Cartoon owl holding up a controller. Pixelated red background. Text: Is that HUD even necessary?

In a previous article, I talked about how I don’t think minimaps are really necessary in games.

But as I was going through games that have a minimap, I started to notice something:

It’s not just the minimap. Do we really need all this crap on the screen?

Let me walk you through a couple of games, what their HUD (heads-up display) shows, and how necessary I think that information really is for us.

Xenoblade Chronicles 2

Xenoblade Chronicles 2 tries to strike a balance between “small HUD while you’re traveling” and “insane command-board while fighting”.

Xenoblade Chronicles 2 while traveling. The world is beautiful and full of small details (even with its low textures, to make it run on the Nintendo Switch).

There’s both a minimap AND a “your objective is to this direction” indicator. Not just that but you also have a clock and a couple of indicators for whether it’s day or night, how’s the weather and a “cloud situation” indicator showing whether the titan (“island”) you’re currently walking on is above clouds or not. Finally there’s two HUD elements at the bottom to remind you of what ZL an ZR buttons do.

While I was playing the game, my biggest gripe about this layout was that “cloud situation” indicator (that round one with a dotted line in the middle and wave-like things on the bottom). Why does it need to be that big? It’s very rarely relevant and only changes after sleeping!

But looking at the whole HUD now, I want to ask: are any of these elements really relevant?

  • Clock: You need the clock to know if certain NPCs are available. But they could also make NPCs availability be simply “day/night”, and then you wouldn’t really need a clock. Also, the game allows you to change the time of the day anytime you want!
  • Weather: Just look at the world. If you’re in a sandstorm or it’s raining, it’s pretty obvious.
  • Cloud situation: Should be fine to show only when it changes and in the menu. You do not need this information at all times.
  • Minimap and objective indicator: It sure seems like the developers weren’t confident in players’ ability to find relevant locations. Kinda sucks, because the maps have plenty of quick travel spots and many locations are named. And often, even if you do follow the indicators, you may still end up way above or below where you should be going.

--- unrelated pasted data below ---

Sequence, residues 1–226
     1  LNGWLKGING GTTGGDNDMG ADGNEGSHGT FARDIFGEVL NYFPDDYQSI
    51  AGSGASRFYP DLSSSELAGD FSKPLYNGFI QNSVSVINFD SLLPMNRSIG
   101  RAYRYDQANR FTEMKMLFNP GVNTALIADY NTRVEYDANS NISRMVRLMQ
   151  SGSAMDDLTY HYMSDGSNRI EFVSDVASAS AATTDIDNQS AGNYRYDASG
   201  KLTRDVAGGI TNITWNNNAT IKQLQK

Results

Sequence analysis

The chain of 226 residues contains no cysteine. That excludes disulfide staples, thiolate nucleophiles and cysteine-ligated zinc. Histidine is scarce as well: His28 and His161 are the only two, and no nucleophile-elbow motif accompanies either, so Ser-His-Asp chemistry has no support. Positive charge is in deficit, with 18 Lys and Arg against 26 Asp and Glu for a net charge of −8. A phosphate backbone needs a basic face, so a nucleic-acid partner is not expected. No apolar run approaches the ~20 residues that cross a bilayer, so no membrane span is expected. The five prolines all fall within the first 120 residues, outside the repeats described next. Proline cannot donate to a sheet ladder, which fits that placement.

• ZL/ZR reminders: These are fine to have as reminders, especially if you take a longer pause from the game, but you should also be able to toggle them off.

So, in all, you could mostly do without any of these permanent HUD elements.

Alright, how about the combat screen?

Xenoblade Chronicles 2 during combat. I.e. “What the heck’s even happening here?!”

There’s so much stuff! Sure, it makes it clear what kind of things I can do (after you get the hang of the combat mechanics), but it’s like I’m looking at some kind of a command board or a multi-instrument! Also, all the info is scattered across the screen, so you have to move your eyes all around if you want to keep an eye on your health (top-left), enemy health (top-center) and your ability cooldowns (bottom-left and bottom-right).

In addition to all the stuff you see on that screenshot, there’s information floating in the middle of the screen (like status effects). And of course you have to move and maneuver your character around enemies if you want to take full advantage of your abilities (some abilities do extra damage if you attack from the side, for example).

Whenever a party member’s HP drops to zero, you realize that you haven’t been paying attention to the center of the screen to actually see where the party member is (so that you could run and revive them). And now you’re scrambling to find them… (at least their corpse is glowing brightly).

I do like that the special moves (bottom right) have a little reminder about what kind of moves they are.

Also note that all the HUD elements in Xenoblade Chronicles 2 are quite large. This is no doubt because they wanted the game to be playable on Nintendo Switch’s handheld mode. You can see that in later Switch games (like Tears of the Kingdom, which we’ll be looking at next) the HUD elements have gotten substantially smaller.

Legend of Zelda: Tears of the Kingdom

Legend of Zelda: Tears of the Kingdom. “HUD.”

Legend of Zelda: Tears of the Kingdom comes with another whole bunch of HUD elements. You got your health, a thermometer, clock, noise meter, weather forecast, minimap, and a couple of indicators to remind you what the L button and D-pad buttons do. Plus the bottom shows you what specific buttons do in your current situation.

Once again, do you really need all this information? Actually, do you need any of this information?

Turns out, there’s not much to customize in TotK’s HUD. You have two options: HUD or Pro HUD.

You’ve seen the “HUD”, but here’s what the “Pro HUD” looks like:

“Pro HUD.” No, this is not a cutscene nor a “hide the HUD for screenshot” mode. This is what the screen looks like if you choose “Pro HUD”.

You may look at that screenshot and think “So, there’s absolutely no HUD if you choose the Pro HUD?”

Not exactly. There are some HUD elements present. They just don’t appear unless they’re relevant (you have to be close enough to something interactable, or climbing/riding). Even your health (hearts in the top-left corner) only show if you’ve taken damage.

Now let’s think about the HUD again: what information are we missing right now?

  • Clock: Unless you’re in a cave, you can see pretty clearly if it’s daytime or nighttime. Also very few events in the game require you to know the time. Most shops and NPCs are available day and night.
  • Thermometer: Look at your character. If he’s clacking his teeth, it’s cold. If he’s swaying around, then it’s too hot. There’s also a visual effect covering the entire screen when you enter a new climate. Finally, if you somehow failed to notice all of those, you also start to take damage.